RIAA seeks sanctions against defense lawyer in copyright case
Beckerman calls motion 'frivolous,' claims RIAA can't prove its case
Computerworld - In a move likely to further irritate those opposed to the Recording Industry Association of America's controversial anti-piracy campaign, the RIAA last week filed a motion seeking legal sanctions against a lawyer known for vigorously defending alleged copyright violators.
In a motion filed in the U.S. District Court for the Eastern District of New York, an RIAA lawyer accused New York attorney Ray Beckerman of engaging in "vexatious litigation" in a case involving an alleged copyright violator.
The 31-page motion by the RIAA asked the court to dismiss the case without prejudice and sanction Beckerman and his client for unnecessarily increasing the costs and duration of the lawsuit by filing false statements, making "frivolous motions" and fighting "good faith" attempts by the RIAA to uncover evidence.
The RIAA claimed that it was being forced to seek dismissal of the case because of the loss of a critical computer and because of the "defendant's obstructionist" strategies, both of which had irreparably hurt its ability to prove its claims. The motion noted that the case would not have lasted so long or cost so much to both sides if Beckerman and his client had provided the information sought by the RIAA in a timely and complete fashion.
In seeking sanctions against Beckerman, the RIAA noted that Beckerman's habit of posting details about all his "baseless motions" on his blog site "demeans the integrity of these judicial proceedings and warrants this imposition of sanctions."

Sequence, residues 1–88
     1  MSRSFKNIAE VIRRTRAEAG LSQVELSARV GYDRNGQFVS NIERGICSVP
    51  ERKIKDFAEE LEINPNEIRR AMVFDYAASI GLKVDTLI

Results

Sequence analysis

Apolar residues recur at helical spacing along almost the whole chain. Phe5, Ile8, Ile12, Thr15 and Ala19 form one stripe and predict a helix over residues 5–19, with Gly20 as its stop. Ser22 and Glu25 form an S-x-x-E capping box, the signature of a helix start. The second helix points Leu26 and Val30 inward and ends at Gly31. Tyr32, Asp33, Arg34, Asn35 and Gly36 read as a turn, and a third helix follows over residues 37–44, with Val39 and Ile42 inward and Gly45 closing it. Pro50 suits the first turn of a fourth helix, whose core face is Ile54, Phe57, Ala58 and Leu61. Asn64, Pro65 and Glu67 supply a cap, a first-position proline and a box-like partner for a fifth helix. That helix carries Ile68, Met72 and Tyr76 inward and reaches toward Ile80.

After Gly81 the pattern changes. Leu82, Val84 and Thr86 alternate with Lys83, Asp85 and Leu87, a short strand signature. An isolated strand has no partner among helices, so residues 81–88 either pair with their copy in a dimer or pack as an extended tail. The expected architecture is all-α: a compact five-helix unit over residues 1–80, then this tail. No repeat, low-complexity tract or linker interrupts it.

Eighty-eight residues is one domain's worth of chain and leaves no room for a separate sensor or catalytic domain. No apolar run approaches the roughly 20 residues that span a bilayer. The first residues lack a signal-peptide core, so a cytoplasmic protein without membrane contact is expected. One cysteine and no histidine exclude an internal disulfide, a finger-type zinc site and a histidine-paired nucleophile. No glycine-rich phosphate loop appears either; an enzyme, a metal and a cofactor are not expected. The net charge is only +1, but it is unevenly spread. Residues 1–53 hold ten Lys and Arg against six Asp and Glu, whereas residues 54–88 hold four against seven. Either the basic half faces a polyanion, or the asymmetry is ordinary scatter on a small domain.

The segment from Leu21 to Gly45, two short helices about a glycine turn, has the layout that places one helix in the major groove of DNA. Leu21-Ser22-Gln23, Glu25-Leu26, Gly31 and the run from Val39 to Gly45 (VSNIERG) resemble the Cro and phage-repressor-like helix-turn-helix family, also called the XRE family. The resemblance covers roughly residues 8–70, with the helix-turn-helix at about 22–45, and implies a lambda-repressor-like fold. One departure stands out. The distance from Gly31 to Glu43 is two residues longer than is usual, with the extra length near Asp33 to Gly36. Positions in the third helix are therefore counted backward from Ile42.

The sanctions were needed to "punish Defendant and her counsel for their intentional misconduct and to discourage others from engaging in similar behavior," the RIAA noted in its brief.
Beckerman today dismissed the complaints as frivolous and said the only reason the RIAA is seeking to drop the case is because they are unable to prove the alleged copyright violation.
The case in question is UMG Recordings Inc. et al vs. Marie Lindor and dates back to 2005, though Beckerman only started representing Lindor in 2006. The RIAA accused Lindor, a home health aide from Haiti, of using her home computer to illegally download and distribute copyrighted music.
Initially, it was Beckerman who asked for dismissal of the case on the grounds that the recording companies had failed to provide evidence that Lindor engaged in copyright infringement.
"What's going on here is that they have been chasing an innocent woman for three years for nothing," Beckerman said. "I have repeatedly asked them to drop the case and they refused," he said. He repeatedly informed the RIAA that Lindor was computer illiterate and had not so much as switched on a computer at the time of her alleged infringement, he said.
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